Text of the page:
Tuesday, October 16, 2012

Negotiating Your Own Compensation

Photo source: istockphoto.com

One of the trickiest issues out there for an employee is their own compensation. If you're like me, you’d rather walk on hot coals than talk about comp. Pretty much the only thing I hate doing more than talking to an employee about their compensation is talking to my manager about MY compensation. I find the whole thing incredibly tacky, uncomfortable, distasteful and unproductive. Have I made myself clear?

With all that having been said, here are a few things I’ve learned about talking about comp over the years:
1. You have to advocate for yourself, because no one else will. No company, no matter how employee-friendly, does a good enough job advocating for its employees’ compensation or career path. If you want to take control of your career path and your compensation, do it. Don’t expect your manager to look out for you; they won’t.
2. Nag, but don’t be a nag. It’s OK to be a squeaky wheel periodically, but don’t do it constantly. At Zillow, we have 2 employee review periods per year, and only one of them is connected with annual compensation changes. I prefer that compensation discussion be confined to these one or two times per year when it’s meant to happen. You don’t want to become known internally as the ungrateful employee who’s constantly bugging his/her manager for a raise. Bring up compensation thoughtfully and infrequently.
3. Avoid internal benchmarking. Some people at a company, especially those in Legal or Finance, are privy to others’ compensation. It is a big no-no to cite someone else’s compensation when discussing your own. Never ever say “you should pay me X because you pay Tom Y”. That’s very unprofessional, and is perhaps grounds for termination.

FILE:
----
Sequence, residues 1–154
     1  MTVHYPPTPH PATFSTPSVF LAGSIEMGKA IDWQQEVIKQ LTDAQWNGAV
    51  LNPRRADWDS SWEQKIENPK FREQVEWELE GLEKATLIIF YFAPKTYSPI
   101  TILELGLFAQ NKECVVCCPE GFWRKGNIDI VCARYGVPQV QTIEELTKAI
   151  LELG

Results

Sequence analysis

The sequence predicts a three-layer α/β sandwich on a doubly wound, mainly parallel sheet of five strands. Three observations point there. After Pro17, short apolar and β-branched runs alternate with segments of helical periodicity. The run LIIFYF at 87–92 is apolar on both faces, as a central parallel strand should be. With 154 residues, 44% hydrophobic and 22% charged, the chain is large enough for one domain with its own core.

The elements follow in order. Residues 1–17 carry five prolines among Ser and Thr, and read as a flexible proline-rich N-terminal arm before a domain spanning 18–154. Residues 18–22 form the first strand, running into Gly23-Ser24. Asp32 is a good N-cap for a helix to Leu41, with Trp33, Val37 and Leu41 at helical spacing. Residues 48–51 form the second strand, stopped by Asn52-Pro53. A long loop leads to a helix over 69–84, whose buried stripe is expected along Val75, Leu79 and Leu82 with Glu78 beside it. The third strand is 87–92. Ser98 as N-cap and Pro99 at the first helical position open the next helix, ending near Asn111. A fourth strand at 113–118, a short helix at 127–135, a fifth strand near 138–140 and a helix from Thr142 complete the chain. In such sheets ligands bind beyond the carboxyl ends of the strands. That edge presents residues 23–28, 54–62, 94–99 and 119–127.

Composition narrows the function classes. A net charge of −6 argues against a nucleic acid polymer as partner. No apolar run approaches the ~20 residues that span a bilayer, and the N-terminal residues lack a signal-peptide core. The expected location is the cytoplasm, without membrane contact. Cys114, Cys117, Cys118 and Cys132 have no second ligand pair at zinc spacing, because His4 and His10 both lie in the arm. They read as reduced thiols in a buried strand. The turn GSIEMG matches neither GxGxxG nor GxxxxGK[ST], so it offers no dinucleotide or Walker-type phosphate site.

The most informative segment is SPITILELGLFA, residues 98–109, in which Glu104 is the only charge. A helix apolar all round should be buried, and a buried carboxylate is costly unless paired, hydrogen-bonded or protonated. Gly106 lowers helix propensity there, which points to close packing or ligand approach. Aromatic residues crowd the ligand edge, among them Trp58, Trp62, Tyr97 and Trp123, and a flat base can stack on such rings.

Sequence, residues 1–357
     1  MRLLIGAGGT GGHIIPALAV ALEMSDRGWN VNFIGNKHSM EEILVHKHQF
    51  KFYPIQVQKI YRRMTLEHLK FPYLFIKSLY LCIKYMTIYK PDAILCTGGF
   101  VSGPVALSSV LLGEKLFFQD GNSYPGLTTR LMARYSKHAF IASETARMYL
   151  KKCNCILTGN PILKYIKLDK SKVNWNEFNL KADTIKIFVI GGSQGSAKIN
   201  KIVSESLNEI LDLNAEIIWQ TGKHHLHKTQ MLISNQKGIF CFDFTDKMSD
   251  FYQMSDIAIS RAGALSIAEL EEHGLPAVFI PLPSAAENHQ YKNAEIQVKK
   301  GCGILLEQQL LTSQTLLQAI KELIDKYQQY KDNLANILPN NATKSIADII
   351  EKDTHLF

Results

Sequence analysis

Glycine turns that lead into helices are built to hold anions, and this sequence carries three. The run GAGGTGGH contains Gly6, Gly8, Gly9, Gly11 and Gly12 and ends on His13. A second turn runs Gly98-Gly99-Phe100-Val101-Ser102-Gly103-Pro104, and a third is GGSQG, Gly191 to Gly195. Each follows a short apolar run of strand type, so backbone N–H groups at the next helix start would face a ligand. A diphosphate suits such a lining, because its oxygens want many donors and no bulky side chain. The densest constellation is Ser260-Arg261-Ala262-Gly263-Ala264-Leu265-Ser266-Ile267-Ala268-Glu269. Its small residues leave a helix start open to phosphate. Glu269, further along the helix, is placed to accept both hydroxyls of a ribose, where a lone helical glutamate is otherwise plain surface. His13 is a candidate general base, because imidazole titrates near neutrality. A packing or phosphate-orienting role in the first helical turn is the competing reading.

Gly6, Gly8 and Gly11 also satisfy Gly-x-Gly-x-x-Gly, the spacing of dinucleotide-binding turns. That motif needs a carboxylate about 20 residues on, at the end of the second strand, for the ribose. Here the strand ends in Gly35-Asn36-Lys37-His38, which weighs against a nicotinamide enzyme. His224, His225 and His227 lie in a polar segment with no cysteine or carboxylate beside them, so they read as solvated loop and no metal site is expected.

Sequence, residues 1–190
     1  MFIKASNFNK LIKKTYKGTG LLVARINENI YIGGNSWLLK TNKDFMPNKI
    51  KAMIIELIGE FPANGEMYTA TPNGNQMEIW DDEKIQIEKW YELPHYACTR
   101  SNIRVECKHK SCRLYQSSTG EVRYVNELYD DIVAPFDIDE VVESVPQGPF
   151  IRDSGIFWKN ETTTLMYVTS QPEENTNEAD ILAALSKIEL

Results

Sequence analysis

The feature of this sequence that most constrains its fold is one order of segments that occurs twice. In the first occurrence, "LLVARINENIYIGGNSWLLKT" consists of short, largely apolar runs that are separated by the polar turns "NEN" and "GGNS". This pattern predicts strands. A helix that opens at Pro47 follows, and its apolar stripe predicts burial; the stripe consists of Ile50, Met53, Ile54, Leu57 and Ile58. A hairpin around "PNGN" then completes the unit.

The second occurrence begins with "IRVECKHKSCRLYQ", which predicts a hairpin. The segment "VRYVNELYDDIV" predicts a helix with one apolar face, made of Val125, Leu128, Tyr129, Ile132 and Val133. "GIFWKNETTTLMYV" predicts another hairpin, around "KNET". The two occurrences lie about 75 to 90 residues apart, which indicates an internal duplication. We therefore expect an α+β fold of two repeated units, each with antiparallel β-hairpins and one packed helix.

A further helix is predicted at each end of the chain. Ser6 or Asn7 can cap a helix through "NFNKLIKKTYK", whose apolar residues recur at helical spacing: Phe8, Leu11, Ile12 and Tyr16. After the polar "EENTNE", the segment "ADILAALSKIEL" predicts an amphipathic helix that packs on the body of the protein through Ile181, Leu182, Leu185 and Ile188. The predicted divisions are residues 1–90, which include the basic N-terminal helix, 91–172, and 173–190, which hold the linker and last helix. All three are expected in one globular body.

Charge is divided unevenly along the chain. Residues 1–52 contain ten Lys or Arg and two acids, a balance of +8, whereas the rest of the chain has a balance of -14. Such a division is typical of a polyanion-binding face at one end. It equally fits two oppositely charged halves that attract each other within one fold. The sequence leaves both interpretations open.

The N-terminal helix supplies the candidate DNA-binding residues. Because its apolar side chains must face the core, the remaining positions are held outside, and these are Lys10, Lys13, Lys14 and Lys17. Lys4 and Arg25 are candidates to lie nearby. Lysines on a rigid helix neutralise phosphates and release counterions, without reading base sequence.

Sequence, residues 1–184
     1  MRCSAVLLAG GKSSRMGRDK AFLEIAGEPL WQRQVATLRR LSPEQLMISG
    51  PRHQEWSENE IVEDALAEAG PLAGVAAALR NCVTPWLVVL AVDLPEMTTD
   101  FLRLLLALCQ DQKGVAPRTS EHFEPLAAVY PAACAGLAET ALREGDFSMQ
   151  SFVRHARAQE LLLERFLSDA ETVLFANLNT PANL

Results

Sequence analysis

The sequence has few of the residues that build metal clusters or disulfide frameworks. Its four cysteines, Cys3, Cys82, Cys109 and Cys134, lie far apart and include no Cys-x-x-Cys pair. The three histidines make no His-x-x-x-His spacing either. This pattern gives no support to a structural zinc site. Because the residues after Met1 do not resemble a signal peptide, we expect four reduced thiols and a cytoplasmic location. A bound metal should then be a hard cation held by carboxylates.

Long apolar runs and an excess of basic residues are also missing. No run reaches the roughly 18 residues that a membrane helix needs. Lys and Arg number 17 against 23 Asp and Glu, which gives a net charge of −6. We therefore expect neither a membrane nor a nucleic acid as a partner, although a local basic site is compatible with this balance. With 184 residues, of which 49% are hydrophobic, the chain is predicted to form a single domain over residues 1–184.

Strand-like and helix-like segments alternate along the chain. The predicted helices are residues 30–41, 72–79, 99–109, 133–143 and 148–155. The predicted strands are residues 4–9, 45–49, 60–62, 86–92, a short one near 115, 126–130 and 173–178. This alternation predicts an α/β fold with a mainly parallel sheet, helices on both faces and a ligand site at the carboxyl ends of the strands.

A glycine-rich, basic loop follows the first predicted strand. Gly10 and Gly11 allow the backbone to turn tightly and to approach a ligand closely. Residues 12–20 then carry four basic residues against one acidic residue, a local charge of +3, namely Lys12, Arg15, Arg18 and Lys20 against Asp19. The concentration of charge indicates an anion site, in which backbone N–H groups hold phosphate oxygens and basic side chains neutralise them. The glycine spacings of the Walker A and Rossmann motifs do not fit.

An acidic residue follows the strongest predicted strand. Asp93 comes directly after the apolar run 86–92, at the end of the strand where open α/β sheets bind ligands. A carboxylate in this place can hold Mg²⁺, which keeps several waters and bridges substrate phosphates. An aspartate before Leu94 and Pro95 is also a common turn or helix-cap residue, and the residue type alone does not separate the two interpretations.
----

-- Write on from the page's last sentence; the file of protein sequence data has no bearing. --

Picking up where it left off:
4. Don’t threaten your manager with a competing offer. When I was a relatively new manager a decade ago, I had a top performer come to me and say he had an offer at another company. I begged my manager to let me give him a raise in order to keep him. My manager told me I was making a mistake, that matching someone’s offer never works out. I ignored his advice, gave the star performer a raise, and he ended up quitting six months later. My manager was right. I had made a bad mistake. All I had done was train the rest of the company to think that the only way to get a raise was to interview elsewhere and get a competing offer. In general, I have resisted the urge to match competing offers ever since then. If someone is unhappy enough to interview elsewhere, they're going to end up leaving anyway regardless of whether you match. So let them go up front.
So what’s the best way to talk about compensation with your manager? Lay out your accomplishments and your contributions to the company. Be as non-confrontational as possible, explain that you love your job, but you want to be paid fairly for your contributions. Advocate for yourself, and be polite, but not pushy, and confident, but not arrogant. And most of all, don’t do it more than every 12-18 months, for your sake and for your manager’s.
- Spencer Rascoff

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